Jul 15, 2021

How-to: Clojure libraries on Maven Central

A guide for migrating Clojure libraries to Maven Central, following Crux's recent migration

author picture
James Henderson
Head of Engineering, XTDB

Crux is now XTDB

September 2021 Update: Crux has recently been renamed XTDB. The official home for XTDB is now

This post still refers to XTDB as “Crux” but you will find newer versions of the artifacts discussed under the new com.xtdb Maven GroupId ([com.xtdb/xtdb-core "1.19.0"] for example) instead of the pro.juxt GroupId described in the examples below ([pro.juxt.crux/crux-core "1.17.1"] for example).

The official home for XTDB is now

Much as we love Clojure here at JUXT, we’ll shortly be releasing a couple of non-Clojure modules for our database Crux (watch this space!), and we’d love these to be more accessible for people outside of the Clojure community.

Until recently, Crux artifacts were deployed to Clojars - this has been great for us so far, but it doesn’t make life as easy for projects using other JVM build tools.

It’s relatively straightforward to ask our non-Clojure users to add Clojars as a repository, but this has one main drawback: additional repositories aren’t applied transitively in Maven, for security reasons - every downstream dependency of a Clojars library has to have Clojars explicitly added as a repo. That is, from an end-user’s point-of-view, if any library anywhere in your dependency tree happens to be deployed to Clojars, you’ll have to add it.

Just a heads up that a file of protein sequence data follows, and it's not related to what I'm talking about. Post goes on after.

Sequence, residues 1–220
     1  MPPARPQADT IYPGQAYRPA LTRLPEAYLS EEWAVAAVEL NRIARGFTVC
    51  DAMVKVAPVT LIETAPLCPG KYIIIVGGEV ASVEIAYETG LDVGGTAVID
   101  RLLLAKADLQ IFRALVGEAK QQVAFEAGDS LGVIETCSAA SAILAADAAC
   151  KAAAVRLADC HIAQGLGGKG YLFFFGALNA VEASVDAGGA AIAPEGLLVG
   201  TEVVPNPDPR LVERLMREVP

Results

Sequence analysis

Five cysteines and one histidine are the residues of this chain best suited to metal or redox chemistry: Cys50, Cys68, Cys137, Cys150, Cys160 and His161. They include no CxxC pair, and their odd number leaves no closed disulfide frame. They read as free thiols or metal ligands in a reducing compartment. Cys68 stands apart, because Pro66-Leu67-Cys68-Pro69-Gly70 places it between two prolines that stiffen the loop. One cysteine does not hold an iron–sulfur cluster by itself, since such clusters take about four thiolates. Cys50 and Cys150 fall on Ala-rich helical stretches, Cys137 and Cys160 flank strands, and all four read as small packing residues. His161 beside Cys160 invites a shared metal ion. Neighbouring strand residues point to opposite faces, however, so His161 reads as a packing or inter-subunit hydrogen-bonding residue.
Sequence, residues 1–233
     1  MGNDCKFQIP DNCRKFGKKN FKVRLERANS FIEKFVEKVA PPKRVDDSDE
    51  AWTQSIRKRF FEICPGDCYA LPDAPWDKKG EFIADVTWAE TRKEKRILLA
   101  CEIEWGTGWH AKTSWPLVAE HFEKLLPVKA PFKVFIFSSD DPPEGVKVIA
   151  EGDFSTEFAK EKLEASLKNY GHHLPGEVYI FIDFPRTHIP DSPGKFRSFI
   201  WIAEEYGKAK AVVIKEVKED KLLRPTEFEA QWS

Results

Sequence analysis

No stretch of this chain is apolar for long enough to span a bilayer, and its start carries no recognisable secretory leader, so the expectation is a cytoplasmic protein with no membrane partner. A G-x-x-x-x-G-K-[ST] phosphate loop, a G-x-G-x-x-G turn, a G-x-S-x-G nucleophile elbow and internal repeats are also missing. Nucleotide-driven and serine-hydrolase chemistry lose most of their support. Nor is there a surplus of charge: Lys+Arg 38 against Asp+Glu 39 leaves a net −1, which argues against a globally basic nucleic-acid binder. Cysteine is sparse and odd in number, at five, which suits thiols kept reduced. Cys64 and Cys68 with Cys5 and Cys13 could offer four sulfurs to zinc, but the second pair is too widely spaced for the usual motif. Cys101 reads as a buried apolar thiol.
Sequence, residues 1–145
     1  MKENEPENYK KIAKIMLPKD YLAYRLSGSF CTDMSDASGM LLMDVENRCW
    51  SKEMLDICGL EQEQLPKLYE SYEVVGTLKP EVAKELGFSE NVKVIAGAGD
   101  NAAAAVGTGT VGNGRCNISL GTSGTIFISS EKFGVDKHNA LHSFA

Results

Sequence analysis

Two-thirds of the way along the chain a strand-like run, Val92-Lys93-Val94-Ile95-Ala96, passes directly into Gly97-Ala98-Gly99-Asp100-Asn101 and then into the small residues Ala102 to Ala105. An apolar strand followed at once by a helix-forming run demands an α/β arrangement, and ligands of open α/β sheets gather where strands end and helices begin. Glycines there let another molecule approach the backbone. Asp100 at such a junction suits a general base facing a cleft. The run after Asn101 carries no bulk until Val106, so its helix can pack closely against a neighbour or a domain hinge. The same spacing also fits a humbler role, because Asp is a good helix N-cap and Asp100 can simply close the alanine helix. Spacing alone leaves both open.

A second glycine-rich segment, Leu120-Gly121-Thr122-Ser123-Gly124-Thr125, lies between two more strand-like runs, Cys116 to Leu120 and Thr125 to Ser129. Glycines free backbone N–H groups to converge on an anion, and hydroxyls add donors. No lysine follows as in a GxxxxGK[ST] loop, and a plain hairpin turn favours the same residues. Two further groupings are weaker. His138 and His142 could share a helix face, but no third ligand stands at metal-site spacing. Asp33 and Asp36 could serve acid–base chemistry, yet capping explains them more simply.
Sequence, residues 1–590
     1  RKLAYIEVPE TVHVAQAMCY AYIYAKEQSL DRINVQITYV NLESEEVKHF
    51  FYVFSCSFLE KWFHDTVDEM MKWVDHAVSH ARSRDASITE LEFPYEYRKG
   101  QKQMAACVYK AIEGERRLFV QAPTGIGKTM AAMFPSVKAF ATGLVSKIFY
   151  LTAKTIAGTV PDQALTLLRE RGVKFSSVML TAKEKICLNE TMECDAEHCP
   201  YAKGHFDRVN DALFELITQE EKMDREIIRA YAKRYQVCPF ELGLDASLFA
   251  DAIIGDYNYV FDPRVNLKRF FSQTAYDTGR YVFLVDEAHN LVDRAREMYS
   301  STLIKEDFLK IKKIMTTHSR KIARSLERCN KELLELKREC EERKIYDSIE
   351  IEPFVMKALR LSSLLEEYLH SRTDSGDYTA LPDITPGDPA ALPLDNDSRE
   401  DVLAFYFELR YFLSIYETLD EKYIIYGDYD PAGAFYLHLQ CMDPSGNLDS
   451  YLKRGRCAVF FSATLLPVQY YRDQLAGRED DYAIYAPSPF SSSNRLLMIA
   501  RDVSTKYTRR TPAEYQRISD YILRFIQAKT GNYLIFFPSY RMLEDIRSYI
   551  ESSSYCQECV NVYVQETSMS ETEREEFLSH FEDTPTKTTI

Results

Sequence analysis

Artifacts on Central, on the other hand, are trivially accessible to anyone using any Maven build tool.

So, we would like to appeal to Clojure library authors: if your library could be used by a non-Clojure application at some point, directly or indirectly, please do consider deploying your libraries to Central.

(This certainly isn’t to detract from how awesome Clojars and the Clojars folks are, nor the Clojure community funding it, nor is it to say that we’re stopping using it altogether. Indeed, in doing so, we can hopefully all save them some hosting, bandwidth, and administrative hassle!)

This guide aims to help you through the one-time setup required to get started.

What we know as Maven Central is in fact a network of repositories, all sync’d into one entry point at Larger organizations often have their own public repositories that are mirrored here - we’ll be deploying to the Open Source Software Repository Hosting (OSSRH) service.

We’ll focus on Leiningen as it’s what Crux uses - no doubt the process will be similar for your build tool of choice. Leiningen has an excellent sample project.clj which contains examples and documentation of a lot of these configuration values - I highly recommend having this open in a tab any time you’re making non-trivial changes to your project.clj!

One-time setup - verifying your group ID

Maven Central first requires that we pick and verify our group ID. Group IDs can be based on the standard Java reverse domain name pattern (e.g. org.clojure, org.apache, pro.juxt). Or, if you don’t want to verify a domain name, you can use a GitHub-based group ID (e.g. becomes io.github.jarohen, and similarly for GitLab, Bitbucket etc.). This is a similar, albeit slightly longer-winded, process to the new Clojars group ID verification process.

Buckle up, it’s JIRA time: